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Electric Boys – Upside Down

Electric Boys
Upside Down
by Rachel Montgomery at 10 June 2021, 2:16 PM

ELECTRIC BOYS is a Swedish metal band leaning heavily on the American zeitgeist to create a Western-inspired, blues-influenced traditional metal album. While the begin strong though, the rest of the album doesn’t hold a candle to the opening tracks. Although the later songs are solid, they have the misfortune of following some epic openers. It’s a bold choice to open this album with a seven-minute composition. However, “Upside Down Theme” works in the band’s favor. The chops are there from the start: songwriting, beautiful playing, and melodies with mood and emotion. I could listen to an entire album of the opening track and I prefer music with lyrics!

There’s a lot of goodies on this album, but they’re concentrated at the beginning and near the end. “Super God” does have lyrics, though, and a funkier edge with a soaring refrain. The song jabs with funk-rock inspired rhythms in the verses and mellows in the chorus, taking cues from 90s bands like RED HOT CHILI PEPPERS and FOO FIGHTERS. Then, the style changes gears with a more balladlike third track, “Tumblin’ Dominoes”. The guitar work on this track reminds me of the melancholy guitars in HIM, but it still has a cowboy vibe like the previous track. The music is also solid throughout, especially the guitar solo in “Ghoststrutter”. And while the middle of the album gets corny, “The Dudes And The Dancers” is a fun song that pokes some fun at the American Western genre overall and has some really good melodic constructions in the chorus. The verse is speak-singing, but it feels more like Western narration than a silly attempt at rapping. “Twang Em, Kerrang Em” is another bold surprise, harkening back to the early days of rock n roll with call and response and the lyrical structure subtly resembling “Tutti Frutti” by LITTLE RICHARD.

They straight-up pull blues out of their hat on track four, but the middle tracks fall into mediocrity. After the first two tracks, “Never Again Your Slave” and “She Never Turns Around” sound more basic. After the speak-singing that reminded me of a straight-up Western, which was awesome, there’s this arena rock chant that feels a little out a of place. It’s a small criticism, but it weakened the song for me. It’s more typical for the genre compared to the first two songs they came roaring in with. The slow song is also on the meh side for me, at least until it picks up in intensity. Then, the hook in the chorus satisfies me a little, though the “Hey Jude” esque outro seems a little hokey. Speaking of hokey, I enjoyed the musical technique in the beginning of “Ghoststrutter” but the “I get up, brush my teeth, go out” lyrics, plus the rapping lyrics felt out of place.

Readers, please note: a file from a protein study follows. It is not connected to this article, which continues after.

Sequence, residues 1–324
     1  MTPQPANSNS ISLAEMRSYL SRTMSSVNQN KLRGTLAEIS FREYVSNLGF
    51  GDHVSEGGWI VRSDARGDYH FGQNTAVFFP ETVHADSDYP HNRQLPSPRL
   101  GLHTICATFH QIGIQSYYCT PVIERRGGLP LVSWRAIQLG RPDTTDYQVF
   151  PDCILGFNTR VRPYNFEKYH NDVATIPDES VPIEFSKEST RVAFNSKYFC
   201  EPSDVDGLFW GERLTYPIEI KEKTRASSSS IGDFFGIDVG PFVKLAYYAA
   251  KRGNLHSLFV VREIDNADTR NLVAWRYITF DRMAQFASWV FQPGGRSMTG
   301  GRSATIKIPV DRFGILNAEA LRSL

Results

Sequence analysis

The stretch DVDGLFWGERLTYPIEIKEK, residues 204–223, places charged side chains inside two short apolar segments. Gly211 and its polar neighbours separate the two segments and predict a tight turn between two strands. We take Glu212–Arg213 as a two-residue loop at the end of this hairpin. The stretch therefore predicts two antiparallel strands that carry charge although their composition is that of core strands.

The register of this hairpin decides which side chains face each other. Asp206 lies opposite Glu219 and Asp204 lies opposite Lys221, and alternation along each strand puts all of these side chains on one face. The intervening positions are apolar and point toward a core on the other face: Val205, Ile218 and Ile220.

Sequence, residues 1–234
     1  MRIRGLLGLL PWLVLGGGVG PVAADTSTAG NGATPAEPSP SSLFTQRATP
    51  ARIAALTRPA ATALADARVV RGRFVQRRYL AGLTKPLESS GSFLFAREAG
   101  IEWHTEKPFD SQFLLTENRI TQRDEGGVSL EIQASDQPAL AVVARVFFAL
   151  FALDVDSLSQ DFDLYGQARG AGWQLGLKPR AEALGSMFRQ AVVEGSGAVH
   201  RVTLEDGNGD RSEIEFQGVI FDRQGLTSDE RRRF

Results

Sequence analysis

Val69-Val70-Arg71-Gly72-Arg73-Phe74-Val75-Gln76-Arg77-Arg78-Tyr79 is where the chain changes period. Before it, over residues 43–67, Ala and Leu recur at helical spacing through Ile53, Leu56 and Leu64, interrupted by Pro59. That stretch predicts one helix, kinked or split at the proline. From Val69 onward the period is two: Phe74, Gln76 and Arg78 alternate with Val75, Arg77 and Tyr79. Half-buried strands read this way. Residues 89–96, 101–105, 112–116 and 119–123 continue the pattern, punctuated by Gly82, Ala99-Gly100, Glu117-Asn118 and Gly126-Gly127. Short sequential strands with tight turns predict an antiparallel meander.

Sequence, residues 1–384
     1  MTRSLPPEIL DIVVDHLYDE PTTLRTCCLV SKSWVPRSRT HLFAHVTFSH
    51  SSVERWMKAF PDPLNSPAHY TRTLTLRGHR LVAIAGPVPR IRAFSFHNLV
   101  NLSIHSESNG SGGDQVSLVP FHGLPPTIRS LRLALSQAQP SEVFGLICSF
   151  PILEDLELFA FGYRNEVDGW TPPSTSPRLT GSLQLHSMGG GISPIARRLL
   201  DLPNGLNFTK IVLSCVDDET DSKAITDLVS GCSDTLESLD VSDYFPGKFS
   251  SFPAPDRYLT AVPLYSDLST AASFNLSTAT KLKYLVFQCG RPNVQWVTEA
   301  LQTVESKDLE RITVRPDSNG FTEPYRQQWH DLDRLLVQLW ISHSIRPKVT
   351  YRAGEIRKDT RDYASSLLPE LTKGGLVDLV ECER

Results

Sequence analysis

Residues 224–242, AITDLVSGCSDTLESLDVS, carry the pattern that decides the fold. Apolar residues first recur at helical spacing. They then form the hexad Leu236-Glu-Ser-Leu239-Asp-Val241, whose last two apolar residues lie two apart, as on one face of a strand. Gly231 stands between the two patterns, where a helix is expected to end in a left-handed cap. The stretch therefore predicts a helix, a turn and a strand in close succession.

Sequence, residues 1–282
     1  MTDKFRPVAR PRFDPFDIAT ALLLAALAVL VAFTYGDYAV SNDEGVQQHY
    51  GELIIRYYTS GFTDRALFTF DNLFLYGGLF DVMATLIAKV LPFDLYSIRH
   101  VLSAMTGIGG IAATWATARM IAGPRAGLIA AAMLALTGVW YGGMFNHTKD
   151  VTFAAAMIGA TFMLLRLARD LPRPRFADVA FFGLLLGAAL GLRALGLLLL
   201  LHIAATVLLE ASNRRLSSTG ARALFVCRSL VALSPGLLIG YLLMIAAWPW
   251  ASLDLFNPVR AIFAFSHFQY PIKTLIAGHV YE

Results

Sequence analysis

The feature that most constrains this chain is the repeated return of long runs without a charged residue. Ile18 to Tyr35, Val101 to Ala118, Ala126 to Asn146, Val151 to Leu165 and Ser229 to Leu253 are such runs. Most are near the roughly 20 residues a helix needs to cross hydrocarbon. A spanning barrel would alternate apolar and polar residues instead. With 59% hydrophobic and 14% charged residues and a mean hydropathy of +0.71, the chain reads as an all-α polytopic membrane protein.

The closing two tracks are bookends to the more traditionally structured songs in the middle of the album and a callback to the instrumental opener in length and funk rock style in track 2. “It’s Not The End” is a more traditional goodbye ballad. “Insterstellarfella” is a story about an alien helping our hero out. It has a beach rock vibe, and brings a distinct sound to the album that, while solid, I wish was introduced earlier, too. Nitpicks aside, the band is full of surprises. Changing form so jarringly from the first few tracks while maintaining a distinct style is no easy feat, and this band pulls it off with style. If you’re not into funk metal or any sort of hybrid, you’re not going to like this band much, and admittedly, it gets cheesy in the middle. The musical quality stays strong throughout though and personally, I’d welcome an instrumental version of this album. If you want a bluesy band that’s not afraid to take risks, check these guys out!

Songwriting: 7
Production: 9
Musicianship: 8
Memorability: 8

4 Star Rating

Tracklist:
1. Upside Down Theme
2. Super God
3. Tumblin’ Dominoes
4. Never Again Your Slave
5. She Never Turns Around
6. Globestrutter
7. The Dudes & The Dancers
8. Twang ‘em & Kerrang ‘em
9. It’s Not The End
10. Interstellafella
Lineup:
Conny Bloom: Guitar, Vocals
Andy Christell: Bass
"Slim" Martin Thomander: Guitar
Niclas Sigevall: Drums
Jolle Atlagic: Drums
Record Label: Mighty Music
     


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